Step by step design of a simple LDR circuit.

This circuit was prompted by the following thread

http://forum.allaboutcircuits.com/showthread.php?t=88409

in which the OP wanted to know how to choose the resistor values by design instead of by happening (i.e., trial and error).

I figured it might be useful as a general example, and so put up this blog post instead of just posting within the thread.

Let's start with the following circuit as our topology and pick reasonable Rb and Rc values.

1574647303367.png


2N3904 Datasheet

The first thing to note is that if the goal is that the LED turns on/off about when the the LDR is at 80kΩ that we can't just design the circuit to place the transistor in hard saturation at this point, because the LED might turn on well before this point (i.e., at significantly lower LDR resistance). So, instead, we will assume that the transistor will remain in the active region but pick a minimum value for β, noting that if the transistor does saturate at some point due to the actual β being higher, that will be fine.

When the transistor is in saturation, we will assume a Vce of essentially 0V, meaning that Rc will have about 3V across it. For 10mA, that means a value of Rc equal to 300Ω. Since there will be some voltage across the transistor, we will use a 270Ω resistor instead on the basis that it's probably better to have a little more current in this case than be current-starved (but is probably not too critical one way or the other).

Second, we will design the circuit around the notion of having it be midway between on and off at the target resistance. Thus, we will shoot for an LED current of 5mA when the LDR resistance is 80kΩ.

We will assume that β=100, so we need a base current of 50μA. The Vbe voltage will be somewhere close to 0.7V, so we will work with that value.

At 0.7V, the current in the LDR, namely Id, will be 8.75μA. The voltage across Rb will be 4.3V and we need a current in it of 58.75μA, resulting in a nominal value of 73kΩ. We could use a standard E24 value of 75kΩ or go with one of the surrounding E12 values of either 68kΩ or 82kΩ. Since the LED will probably be visibly "on" well before even 5mA of current, it is probably reasonable to go with the 82kΩ value, so let's use that.

Thus

Rb = 82kΩ
Rc = 270Ω

Now let's examine the box we have painted ourselves into. Let's first assume that the actual transistor has β=300. At what LDR value does the LED current rise above 10% of the 10mA target? Well, that boils down to finding when the base current reaches 3.3μA. With Rb=82kΩ, we will have a pretty much constant current in it of about 52μA, so we need to shunt basically all of it through the LDR, which would require it to be below about 0.7V/50μA=14kΩ.

Thus we can see that we might have a pretty soft turn-on point, which may be good enough. But it might make it very adisable to use a potentiometer in place of (or in conjunction with) Rb. A reasonable choice might be a 68kΩ fixed resistor in series with a 50kΩ pot.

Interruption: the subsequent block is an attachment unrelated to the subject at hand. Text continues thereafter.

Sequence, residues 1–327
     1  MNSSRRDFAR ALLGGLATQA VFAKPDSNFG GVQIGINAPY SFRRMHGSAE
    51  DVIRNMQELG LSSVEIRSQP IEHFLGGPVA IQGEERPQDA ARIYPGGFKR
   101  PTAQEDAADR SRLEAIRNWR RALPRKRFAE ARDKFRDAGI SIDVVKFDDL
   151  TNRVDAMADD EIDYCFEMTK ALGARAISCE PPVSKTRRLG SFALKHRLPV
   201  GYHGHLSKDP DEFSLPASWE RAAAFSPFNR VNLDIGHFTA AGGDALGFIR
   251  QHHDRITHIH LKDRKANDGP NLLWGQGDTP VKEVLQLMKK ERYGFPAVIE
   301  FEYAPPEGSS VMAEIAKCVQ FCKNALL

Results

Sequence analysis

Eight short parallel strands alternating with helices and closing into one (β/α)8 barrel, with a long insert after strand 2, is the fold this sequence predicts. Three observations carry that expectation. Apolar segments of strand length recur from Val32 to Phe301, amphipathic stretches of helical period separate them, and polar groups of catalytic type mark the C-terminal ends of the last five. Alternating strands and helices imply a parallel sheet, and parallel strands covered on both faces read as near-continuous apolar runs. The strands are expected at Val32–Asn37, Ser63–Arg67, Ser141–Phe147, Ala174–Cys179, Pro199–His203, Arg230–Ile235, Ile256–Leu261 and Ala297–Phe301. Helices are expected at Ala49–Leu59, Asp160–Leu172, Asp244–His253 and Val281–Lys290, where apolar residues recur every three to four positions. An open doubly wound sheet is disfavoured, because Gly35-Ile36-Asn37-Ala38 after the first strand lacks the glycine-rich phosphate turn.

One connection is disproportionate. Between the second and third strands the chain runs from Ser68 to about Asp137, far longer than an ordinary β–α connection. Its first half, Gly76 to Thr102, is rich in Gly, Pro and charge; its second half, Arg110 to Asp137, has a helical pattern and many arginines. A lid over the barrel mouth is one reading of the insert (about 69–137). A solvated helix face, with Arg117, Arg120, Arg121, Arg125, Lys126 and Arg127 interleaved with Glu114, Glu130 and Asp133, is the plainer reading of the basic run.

The basic cause for the soft, poorly-defined turn-on point is that the needed base current is considerably more than the LDR current at the desired turn-on point. We either need the LDR current to change much more quickly, so that we can change the base current more rapidly as we near this point, or to reduce the base current considerably to get it down comparable to, if not below, the LDR current at the turn-on point.

An easy way to do this is with two transistors configured at a Darlington pair as shown in the following figure (there are other options, of course).

1574647311309.png


If β=100, then the base current required for the full 10mA of LED current is only 1μA. Since the voltage across the LDR when the LED is on will now be about two base-emitter drops, it will be about 1.4V. The voltage across Rb will then be about 3.6V but we only need a current in it of the LDR current, which is 1.4V/80kΩ=17.5μA plus the 1μA base current, or 18.5μA. The needed resistor value would then be 195kΩ. Since the actual base current will probably be less, the choice of Rc=200kΩ or even 220kΩ would probably be good.

By making Ib close to negligible, we accomplish a couple of things. First, our choice for Rb can be reduced a very simple relationship. At the turn-on point we need the voltage divider formed by Rb and Rd to yield the nominal base-emitter voltage of the Darlington pair, thus:

\(
V_{CC} \cdot \frac{R_d}{R_d+R_b} \ = \ 2 \cdot V_{be}
Rb \ = \ R_d \, \left( \, \frac{V_{CC}}{2V_{be}} \, - \, 1 \, \right)
\)

So for a turn-on at 80kΩ, we need Rb to be 206kΩ. Since we know that there will be some base current, a choice of 200kΩ is probably good.

But, furthermore, we get a very crisp turnon very close to the desired target value of the LDR. The uncertainly is due primarily to the uncertainty in the actual value of the Vbe compared to Vcc. Let's consider Vbe=0.6V and 0.8V with Rb=200kΩ. This is a very generous allowance and even so the Rd at which the LED turns on would be between 63kΩ and 95kΩ.

One final thing we need to do is revisit Rc, since we need to support a minimum voltage at Vc to keep Q2 working. This voltage, in hard saturation, could get down as low as about 0.8V, so let's use 1V for our calculations. This puts 2V across Rc so we would need a 200Ω resistor. We would probably find that either 180Ω or 220Ω would work fine.

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